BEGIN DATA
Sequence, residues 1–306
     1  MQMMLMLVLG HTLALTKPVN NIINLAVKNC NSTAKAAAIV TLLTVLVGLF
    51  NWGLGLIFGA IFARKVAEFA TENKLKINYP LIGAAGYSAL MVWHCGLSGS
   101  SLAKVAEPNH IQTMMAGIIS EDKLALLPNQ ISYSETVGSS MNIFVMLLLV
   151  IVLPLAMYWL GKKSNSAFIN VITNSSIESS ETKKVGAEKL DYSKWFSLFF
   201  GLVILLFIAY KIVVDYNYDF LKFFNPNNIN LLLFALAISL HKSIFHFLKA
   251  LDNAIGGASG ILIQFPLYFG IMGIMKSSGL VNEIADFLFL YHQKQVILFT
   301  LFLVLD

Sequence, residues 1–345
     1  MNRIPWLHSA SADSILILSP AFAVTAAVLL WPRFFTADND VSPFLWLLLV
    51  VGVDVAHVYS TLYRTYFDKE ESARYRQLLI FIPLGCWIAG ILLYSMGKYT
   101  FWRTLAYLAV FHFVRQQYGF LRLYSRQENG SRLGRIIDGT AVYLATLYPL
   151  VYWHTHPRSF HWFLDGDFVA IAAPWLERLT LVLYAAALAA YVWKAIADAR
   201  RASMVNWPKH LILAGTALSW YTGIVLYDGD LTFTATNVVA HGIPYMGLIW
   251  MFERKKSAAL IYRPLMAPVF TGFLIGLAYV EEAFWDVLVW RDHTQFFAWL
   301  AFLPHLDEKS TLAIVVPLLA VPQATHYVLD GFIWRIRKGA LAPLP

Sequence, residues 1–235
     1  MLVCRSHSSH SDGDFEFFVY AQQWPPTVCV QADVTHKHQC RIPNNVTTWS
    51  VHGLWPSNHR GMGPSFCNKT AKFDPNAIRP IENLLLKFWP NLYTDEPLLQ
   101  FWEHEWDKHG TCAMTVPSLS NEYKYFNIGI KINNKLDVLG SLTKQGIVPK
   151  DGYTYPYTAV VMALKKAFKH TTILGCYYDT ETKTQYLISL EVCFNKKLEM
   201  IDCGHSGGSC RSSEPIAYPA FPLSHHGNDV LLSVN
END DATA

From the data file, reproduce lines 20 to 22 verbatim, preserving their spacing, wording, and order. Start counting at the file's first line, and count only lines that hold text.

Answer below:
   101  FWEHEWDKHG TCAMTVPSLS NEYKYFNIGI KINNKLDVLG SLTKQGIVPK
   151  DGYTYPYTAV VMALKKAFKH TTILGCYYDT ETKTQYLISL EVCFNKKLEM
   201  IDCGHSGGSC RSSEPIAYPA FPLSHHGNDV LLSVN